John and Pat Hume pictured in 2010. Photo by nwpresspics.con
“Oh yeah, it was the start of the summer.
It felt just like it was the start of forever,
Oh yeah, it was the start of the summer.”
Tuesday 19 May 1998. The start of the summer. A time of hope. A time of new beginnings.
To celebrate my 18th birthday, my friends and I had travelled to Belfast on a minibus on a school-night in the middle of A Levels for that momentous 'YES' concert.
We were thrilled to get to see Ash and Bono at the Waterfront. We were extra ebullient at the sight of John Hume taking to the stage. The unlikely trio of David Trimble, John and Bono were applauded with yells of “Yesss!”.
The burning pride deep inside on that night could have set the world alight. To the friends I had yet to meet, some of whom were at that concert, I would always be Proud Mary from Derry.
I had come of age just in time to vote in the referendum three days later.
Not all of us would have that privilege.
My sister, Deirdre, who was singing and shouting her heart out for the entire excursion, was 15 months shy of voting age.
In fact she would never get to vote as she was killed in a car accident we were involved in 18 months later.
I had meticulously studied the Good Friday Agreement text during the referendum campaign.
As excited as I was to be on my way to Loch an Iúir for Cúrsa na Casca that Good Friday, my inner political nerd was sorry to be missing all the TV and radio coverage.
No mobile phones or social media in those days.
Just two days before the signing of the Agreement, I was at Stormont with a delegation of Derry Girls lobbying the British Government for a new school.
I was on The Thornhill Talks Team with Mrs Boyle, Miss Hamilton and Head Girl, and my lifelong friend, Emmylou.
The eyes of the world were on these negotiations and the hand of history was on our shoulders.
John Hume took time out to facilitate the meeting with (Direct Rule) Minister of Education, Tony Worthington MP.
John was the architect of the unfolding momentous peace accord, but he was focussed on bread and butter constituency issues. He knew the importance of education in creating opportunities and building inclusive and peaceful communities.
I was engaged in current affairs and local politics from a young age.
I was fascinated by the work of my godfather, Uncle Mark. His job as John Hume’s parliamentary aide brought him to various countries.
He gifted me with great stories and good lessons over the years. I proudly flaunted a “Hume for Europe” Tshirt in 1989. I read newspapers. I listened intently to the kitchen wireless and followed the TV debates. Always rooting for John and rehearsing the Humespeak: You can’t eat a flag. Spill sweat, not blood. Respect diversity. An accident of birth. Difference is the essence of humanity. This language is now common parlance. John brought others on to his page and round to his way of thinking and speaking.
It is impossible to consider John’s achievements without recognising the influence of his wife and key adviser, Pat. On completion of my A Levels, I had the pleasure of working in the Bayview Terrace constituency office in the run up to the first Assembly elections.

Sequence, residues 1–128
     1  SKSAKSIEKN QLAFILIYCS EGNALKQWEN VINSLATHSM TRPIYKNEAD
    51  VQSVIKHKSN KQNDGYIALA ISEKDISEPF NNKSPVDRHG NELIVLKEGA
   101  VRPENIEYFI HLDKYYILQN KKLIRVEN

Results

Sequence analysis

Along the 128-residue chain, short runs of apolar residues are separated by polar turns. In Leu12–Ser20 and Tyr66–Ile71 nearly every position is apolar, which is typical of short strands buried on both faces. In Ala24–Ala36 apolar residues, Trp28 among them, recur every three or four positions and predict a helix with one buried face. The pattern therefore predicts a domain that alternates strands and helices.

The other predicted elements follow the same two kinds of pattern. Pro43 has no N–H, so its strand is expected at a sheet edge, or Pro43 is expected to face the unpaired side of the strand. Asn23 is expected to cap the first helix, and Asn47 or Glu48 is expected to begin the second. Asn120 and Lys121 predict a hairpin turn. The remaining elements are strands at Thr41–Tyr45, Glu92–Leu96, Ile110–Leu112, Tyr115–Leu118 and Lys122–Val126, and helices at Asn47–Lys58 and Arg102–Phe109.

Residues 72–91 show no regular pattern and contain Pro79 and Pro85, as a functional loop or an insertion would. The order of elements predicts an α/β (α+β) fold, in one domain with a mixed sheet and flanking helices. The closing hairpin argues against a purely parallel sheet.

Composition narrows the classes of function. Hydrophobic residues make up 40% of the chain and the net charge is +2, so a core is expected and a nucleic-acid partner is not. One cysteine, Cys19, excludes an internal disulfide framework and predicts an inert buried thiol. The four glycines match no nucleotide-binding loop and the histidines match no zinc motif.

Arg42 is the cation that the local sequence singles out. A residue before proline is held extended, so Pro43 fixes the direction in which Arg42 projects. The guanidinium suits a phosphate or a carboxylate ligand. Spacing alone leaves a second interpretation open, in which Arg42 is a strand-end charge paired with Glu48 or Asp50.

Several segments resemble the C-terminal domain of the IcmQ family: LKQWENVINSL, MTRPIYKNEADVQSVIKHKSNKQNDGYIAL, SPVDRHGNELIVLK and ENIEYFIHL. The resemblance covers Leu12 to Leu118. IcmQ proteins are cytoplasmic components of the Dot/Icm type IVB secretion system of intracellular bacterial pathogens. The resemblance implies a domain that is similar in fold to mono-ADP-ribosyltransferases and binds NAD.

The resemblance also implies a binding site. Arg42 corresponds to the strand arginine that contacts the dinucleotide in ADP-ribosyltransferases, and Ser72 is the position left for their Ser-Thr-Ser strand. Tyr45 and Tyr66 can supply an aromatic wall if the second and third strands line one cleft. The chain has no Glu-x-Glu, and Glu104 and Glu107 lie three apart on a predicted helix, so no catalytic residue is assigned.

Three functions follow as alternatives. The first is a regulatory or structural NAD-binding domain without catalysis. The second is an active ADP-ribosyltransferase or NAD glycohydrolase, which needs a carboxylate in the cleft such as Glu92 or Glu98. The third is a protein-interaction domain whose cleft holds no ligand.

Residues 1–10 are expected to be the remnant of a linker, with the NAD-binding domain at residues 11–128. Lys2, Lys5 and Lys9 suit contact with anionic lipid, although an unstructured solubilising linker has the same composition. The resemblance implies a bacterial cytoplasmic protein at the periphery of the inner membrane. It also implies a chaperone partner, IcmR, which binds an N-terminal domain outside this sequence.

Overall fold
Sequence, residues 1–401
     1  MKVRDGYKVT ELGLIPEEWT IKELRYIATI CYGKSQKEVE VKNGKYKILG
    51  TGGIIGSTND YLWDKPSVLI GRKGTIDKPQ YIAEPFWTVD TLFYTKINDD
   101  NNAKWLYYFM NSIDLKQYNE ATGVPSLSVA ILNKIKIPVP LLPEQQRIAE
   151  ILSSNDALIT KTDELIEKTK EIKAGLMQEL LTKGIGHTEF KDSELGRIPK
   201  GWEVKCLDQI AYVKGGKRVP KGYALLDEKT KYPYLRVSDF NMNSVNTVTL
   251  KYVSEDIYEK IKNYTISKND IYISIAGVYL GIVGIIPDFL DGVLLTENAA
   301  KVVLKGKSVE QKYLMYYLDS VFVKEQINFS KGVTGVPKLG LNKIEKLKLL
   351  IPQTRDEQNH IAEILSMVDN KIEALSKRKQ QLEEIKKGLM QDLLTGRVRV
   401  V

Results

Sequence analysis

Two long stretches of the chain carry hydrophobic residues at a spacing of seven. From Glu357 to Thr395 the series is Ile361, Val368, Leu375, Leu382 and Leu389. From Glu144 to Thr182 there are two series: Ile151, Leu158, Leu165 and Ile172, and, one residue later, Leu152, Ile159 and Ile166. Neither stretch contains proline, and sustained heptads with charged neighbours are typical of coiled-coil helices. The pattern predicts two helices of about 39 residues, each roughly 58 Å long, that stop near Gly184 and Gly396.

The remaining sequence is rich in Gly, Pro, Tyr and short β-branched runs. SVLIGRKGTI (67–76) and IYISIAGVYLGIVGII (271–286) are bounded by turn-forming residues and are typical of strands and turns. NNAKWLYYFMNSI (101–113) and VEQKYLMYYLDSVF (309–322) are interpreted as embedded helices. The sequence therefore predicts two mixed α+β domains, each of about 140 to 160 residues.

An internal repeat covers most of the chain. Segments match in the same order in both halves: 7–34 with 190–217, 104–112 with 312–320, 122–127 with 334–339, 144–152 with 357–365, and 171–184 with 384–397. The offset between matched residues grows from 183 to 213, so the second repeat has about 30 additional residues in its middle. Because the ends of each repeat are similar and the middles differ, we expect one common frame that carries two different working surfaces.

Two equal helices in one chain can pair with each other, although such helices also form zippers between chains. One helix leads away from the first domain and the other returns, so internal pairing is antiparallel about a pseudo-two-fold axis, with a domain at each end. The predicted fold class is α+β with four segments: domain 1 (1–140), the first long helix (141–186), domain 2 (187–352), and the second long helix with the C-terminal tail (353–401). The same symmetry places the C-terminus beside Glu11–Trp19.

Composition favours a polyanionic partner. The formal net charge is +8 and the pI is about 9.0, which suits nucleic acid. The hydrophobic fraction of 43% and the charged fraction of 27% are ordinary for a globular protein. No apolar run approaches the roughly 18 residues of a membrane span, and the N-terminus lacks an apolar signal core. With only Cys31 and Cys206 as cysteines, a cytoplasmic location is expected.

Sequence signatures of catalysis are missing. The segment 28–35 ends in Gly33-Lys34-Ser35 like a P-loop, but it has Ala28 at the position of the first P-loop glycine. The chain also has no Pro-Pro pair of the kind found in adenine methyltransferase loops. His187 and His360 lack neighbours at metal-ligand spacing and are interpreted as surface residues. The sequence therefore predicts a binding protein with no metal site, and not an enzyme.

I learned so much about public service, not least in witnessing the compassion and care shown by Pat to every person. The office was buzzing. Phone calls were coming in from journalists, humanitarians and politicians from all over the world.
I could hear John speaking in French on the phone one minute, then dealing with a constituent on a housing issue the next minute.
Pat had time and warmth for everyone. Amidst the flurry, Pat still found time for banter and indulged my frivolous chats about nights out.
I still regard Pat as a mentor and hero. I can only try and imagine the extent of sacrifices made by Pat and her family over the years.
After that short stint in the office, I spent three months working in Seagate (one of many jobs brought to Derry by John Hume), before starting my chapter at Queen’s and all the adventures that came with that and after that.
The Omagh atrocity that summer was a stark reminder of the fragility of the hard-earned peace.
John Hume was a political giant, a living legend and an international statesman.
Above all, he was a Derry champion.
He was a man of global thinking and local action.
First-hand experience of poverty in his community motivated his relentless quest for social justice, and his role in founding the credit union movement was instrumental in giving opportunities to people and families. His civic leadership in the community was as impressive as his political leadership on the world stage.
John Hume was a man of vision. Steadfast in his ambitions. Resolute in pursuit of solution. Willing to work with anyone. Determined not to be distracted by the vilifiers.
He kept his shoulder to the wheel and his eyes on the prize.
Not any of the acclaimed world prizes he won (Ghandi Prize; Martin Luther King Prize; Nobel Peace Prize). Ultimately the prize for John was the prize for everyone: peace and the prospect of a brighter future.
Those coming of age today face immense challenges as we emerge from a global health pandemic and enter a world recession.
Climate emergency is real. In this part of the world we face the added challenges of Brexit uncertainty. Today’s generation need an injection of the hope that my generation were given 22 years ago.
We still have much work to do. The “isolation of the West” remains a pertinent issue. The fight for a proper university presence in the city continues.
“I sometimes wish it was that summer again…..”
We should always maintain a little bit of that summer, even in the middle of the longest winters.
The spirit of partnership and reconciliation underpinning the Good Friday Agreement and defining
Hume’s pathway must be restored.
And we shall overcome.
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